LinuxWorld Expo: Open source prepares for the next offensive

From today, Linux devotees will gather in New York for this week's LinuxWorld Expo.

From today, Linux devotees will gather in New York for this week's LinuxWorld Expo. Companies both large and small will unwrap products and strategies spanning the breadth of the computing industry. Everyone there will have a steady focus on establishing a loftier presence in the enterprise.

With Version 2.6 of the Linux kernel now in the hands of developers, many top-tier suppliers are expected to outline their upcoming plans to ship exploitive versions of Linux and Linux-compatible applications later this year aimed at the upper echelons of corporate computing.

Version 2.6 offers significantly improved support for systems with multiple processors, making it a more intimidating competitor to both Windows- and Unix-based mid-range servers.

"We are looking at this as a major release that will go a long way towards helping us determine how much investment we should be looking to make over the next year or two in mission-critical servers. We have a lot of older Unix- and Windows-based systems we will be needing to replace over that time," said Don Frechette, a purchasing agent at a large bank based in New York City.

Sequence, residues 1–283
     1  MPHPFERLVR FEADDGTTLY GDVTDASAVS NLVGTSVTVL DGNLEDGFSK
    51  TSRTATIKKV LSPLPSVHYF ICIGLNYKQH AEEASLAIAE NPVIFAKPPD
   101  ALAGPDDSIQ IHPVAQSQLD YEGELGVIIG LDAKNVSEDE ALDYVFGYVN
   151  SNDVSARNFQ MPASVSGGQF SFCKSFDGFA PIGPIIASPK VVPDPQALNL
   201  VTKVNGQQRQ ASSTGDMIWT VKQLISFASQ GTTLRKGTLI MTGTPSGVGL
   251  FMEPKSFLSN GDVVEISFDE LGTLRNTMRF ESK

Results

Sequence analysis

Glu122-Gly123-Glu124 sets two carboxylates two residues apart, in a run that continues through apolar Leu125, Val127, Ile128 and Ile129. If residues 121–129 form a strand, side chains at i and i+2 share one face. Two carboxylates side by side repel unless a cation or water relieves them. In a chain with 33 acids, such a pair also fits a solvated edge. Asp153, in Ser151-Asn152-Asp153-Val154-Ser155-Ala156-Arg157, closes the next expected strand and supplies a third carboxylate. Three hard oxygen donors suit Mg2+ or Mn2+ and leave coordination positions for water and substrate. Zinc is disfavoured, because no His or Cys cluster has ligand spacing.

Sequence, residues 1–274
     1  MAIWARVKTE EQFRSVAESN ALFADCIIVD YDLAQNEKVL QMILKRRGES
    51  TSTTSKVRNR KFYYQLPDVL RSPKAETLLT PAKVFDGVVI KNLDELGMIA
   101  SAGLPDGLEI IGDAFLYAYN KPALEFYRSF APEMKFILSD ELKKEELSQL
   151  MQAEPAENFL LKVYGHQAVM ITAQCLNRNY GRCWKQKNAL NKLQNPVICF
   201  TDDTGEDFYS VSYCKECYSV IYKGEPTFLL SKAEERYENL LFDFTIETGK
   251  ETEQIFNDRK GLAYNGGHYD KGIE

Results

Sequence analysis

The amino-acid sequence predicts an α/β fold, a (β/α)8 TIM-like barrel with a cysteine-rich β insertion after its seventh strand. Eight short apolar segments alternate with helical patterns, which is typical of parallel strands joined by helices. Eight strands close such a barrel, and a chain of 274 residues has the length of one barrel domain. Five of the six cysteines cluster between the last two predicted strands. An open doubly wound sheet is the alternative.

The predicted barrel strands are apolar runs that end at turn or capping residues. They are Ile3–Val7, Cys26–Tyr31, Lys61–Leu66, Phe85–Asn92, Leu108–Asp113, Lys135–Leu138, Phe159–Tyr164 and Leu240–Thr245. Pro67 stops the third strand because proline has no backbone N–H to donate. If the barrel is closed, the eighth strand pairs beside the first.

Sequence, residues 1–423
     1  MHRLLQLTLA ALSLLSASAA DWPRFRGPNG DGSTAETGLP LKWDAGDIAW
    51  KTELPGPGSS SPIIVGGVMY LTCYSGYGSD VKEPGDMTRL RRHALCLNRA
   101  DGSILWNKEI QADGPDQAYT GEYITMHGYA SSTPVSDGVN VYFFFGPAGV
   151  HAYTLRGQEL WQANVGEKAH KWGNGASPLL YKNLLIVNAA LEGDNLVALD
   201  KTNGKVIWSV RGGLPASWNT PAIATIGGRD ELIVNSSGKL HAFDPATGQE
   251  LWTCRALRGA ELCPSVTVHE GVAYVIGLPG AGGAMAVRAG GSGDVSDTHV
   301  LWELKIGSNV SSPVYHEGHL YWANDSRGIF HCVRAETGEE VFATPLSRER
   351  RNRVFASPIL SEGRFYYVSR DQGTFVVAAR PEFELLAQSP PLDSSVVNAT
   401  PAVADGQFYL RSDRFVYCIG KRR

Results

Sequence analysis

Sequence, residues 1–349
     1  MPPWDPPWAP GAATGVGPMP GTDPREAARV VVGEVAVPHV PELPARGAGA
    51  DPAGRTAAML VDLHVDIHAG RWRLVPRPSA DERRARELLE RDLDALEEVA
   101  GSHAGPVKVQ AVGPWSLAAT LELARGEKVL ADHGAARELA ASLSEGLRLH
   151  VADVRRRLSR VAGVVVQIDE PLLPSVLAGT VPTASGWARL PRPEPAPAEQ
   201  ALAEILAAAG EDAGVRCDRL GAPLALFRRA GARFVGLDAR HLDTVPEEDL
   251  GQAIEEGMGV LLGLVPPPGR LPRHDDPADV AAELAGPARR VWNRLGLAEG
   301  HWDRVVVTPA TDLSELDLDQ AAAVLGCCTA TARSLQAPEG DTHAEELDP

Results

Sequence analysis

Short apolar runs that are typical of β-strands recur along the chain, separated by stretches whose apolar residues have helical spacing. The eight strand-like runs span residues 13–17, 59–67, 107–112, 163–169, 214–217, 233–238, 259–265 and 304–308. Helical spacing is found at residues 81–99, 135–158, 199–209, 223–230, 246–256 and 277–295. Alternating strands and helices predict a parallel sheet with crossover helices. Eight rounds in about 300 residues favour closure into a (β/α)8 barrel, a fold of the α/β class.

Oracle executives will stress the increasing importance of Linux as a development platform, and the open source environment will soon become the company's primary development environment for future versions of its suite of applications as well as for its Oracle 10g database.

"Linux is moving to be our base development platform. It has already become our base development platform for our apps suite and it will be our base platform once 10g goes out the door," said Dave Dargo, vice president at Oracle's Linux Program Office.

The company will also offer updates on its Developer's Release of Oracle 10g. The product, which is laced with a number of grid capabilities, is causing some corporate developers to think more seriously about accelerating proposed grid projects in their shops.